Moral Panics, Then and Now
by Derek Royden
For at least half a century, at least once every decade in the English-speaking democracies of the West there’s been a moral panic of some sort, usually related to progressive social change. In the 1980s, it was the now almost forgotten ‘Satanic Panic’, which spread like a sociological wildfire in Canada and the United States, despite only extremely dubious anecdotal evidence to support it.
Without the internet or social media to stoke it, the escalating panic relied on traditional news sources, especially magazine format shows like ‘20/20’ and ‘60 Minutes, who drew ratings alleging that (fictional) ‘Satanists’ were going into the daycare business to engage in the ritualized abuse of children. People later exonerated by the legal system were tried in the court of public opinion and had their lives turned upside down, often on the basis of visibly coached testimony from supposed victims.
That mainstream outlets embarrassed themselves by running with this story was bad enough, but those claiming to be liberals often publicly gave it credence. There is no small amount of irony in the fact that in our own time ‘QAnon’ and ‘Pizzagate’ have recycled aspects of this debunked panic to accuse some well-known Democrats of doing similar and even more outrageous things to children.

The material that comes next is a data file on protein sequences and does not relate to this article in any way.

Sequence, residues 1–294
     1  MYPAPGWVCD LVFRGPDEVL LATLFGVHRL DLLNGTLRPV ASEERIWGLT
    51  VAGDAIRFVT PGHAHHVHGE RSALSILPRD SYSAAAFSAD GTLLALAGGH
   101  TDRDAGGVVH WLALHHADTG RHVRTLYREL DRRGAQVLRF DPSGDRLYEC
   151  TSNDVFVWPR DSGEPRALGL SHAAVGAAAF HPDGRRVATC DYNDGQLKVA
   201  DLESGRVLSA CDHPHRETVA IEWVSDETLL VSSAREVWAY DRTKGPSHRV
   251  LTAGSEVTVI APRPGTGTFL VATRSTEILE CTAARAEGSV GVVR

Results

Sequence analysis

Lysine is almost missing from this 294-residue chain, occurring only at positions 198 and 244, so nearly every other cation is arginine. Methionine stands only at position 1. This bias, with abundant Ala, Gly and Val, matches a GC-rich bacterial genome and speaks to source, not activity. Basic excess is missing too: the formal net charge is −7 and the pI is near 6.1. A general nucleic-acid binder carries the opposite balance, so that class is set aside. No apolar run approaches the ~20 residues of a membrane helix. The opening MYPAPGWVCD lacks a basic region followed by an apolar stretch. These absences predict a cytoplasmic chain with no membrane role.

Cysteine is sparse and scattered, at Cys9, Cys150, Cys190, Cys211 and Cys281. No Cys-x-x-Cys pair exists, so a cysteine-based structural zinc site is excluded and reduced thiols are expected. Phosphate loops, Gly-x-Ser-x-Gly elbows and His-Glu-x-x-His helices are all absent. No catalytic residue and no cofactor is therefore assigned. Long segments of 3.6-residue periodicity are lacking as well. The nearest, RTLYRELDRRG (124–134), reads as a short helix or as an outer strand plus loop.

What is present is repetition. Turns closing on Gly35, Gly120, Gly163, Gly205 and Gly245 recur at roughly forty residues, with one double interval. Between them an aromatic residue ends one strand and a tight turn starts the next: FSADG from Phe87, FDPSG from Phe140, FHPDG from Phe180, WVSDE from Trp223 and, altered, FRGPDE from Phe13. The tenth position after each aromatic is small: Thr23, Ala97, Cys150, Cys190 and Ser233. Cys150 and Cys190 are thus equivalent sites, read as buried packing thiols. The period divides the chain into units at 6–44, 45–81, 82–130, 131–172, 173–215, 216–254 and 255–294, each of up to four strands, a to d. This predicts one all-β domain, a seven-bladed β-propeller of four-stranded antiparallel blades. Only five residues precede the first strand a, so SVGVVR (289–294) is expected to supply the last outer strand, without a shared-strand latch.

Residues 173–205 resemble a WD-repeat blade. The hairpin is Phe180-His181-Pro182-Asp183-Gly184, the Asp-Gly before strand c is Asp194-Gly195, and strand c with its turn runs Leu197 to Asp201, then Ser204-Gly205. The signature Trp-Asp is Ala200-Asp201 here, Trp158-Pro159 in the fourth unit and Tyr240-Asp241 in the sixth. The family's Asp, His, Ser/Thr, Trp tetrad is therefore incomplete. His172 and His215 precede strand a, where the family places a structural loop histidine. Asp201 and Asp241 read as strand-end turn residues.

The Satanic Panic was also, in a sense, a preview of what was to come just a few years later, as mainstream political figures figures like Joe Biden and Hillary Clinton tried to outdo their opponents on the right by promoting stories of non-existent ‘crack babies’ to burnish their tough-on-crime personas at the expense of criminalizing a whole generation of Black women and then their children.
After the earlier hysteria around Satanism in daycare centers had passed, it was clear that at its core the panic was a sexist reaction to the growing participation of women in a workforce previously dominated by men, which led to an ever-greater need for childcare for working parents.
That both the Satanic and ‘crack baby’ panics were squarely aimed at women simply repeats a pattern that existed with witch trials in early modern Europe and perhaps most famously in the North American context in Salem, Massachusetts Bay Colony beginning in 1692. Widows, usually the only class of women who held property rights in these societies, were among the most common victims of these panics.
After the U.S. Supreme Court overturned Roe v. Wade and states began passing laws to further restrict the long-established (50 years for the nation, longer in some states) right to abortion in the country, many politicians on the American right began to target the right of women to use birth control to avoid an unwanted pregnancy. All this is nothing more than an authoritarian ploy to take control of women’s lives and forcefully return them to their previous status as second-class citizens.
Helped along by the internet and a global pandemic that isolated most of us for almost three years, we are now seeing multiple moral panics at the same time, often grouped together under the nonsensical idea of ‘woke’ ideology (and its close cousin, ‘cancel culture’) by a reactionary right that substitutes personal grievance and hatred of tiny marginalized groups like trans people for policy making.
Derek Royden is a Canadian journalist.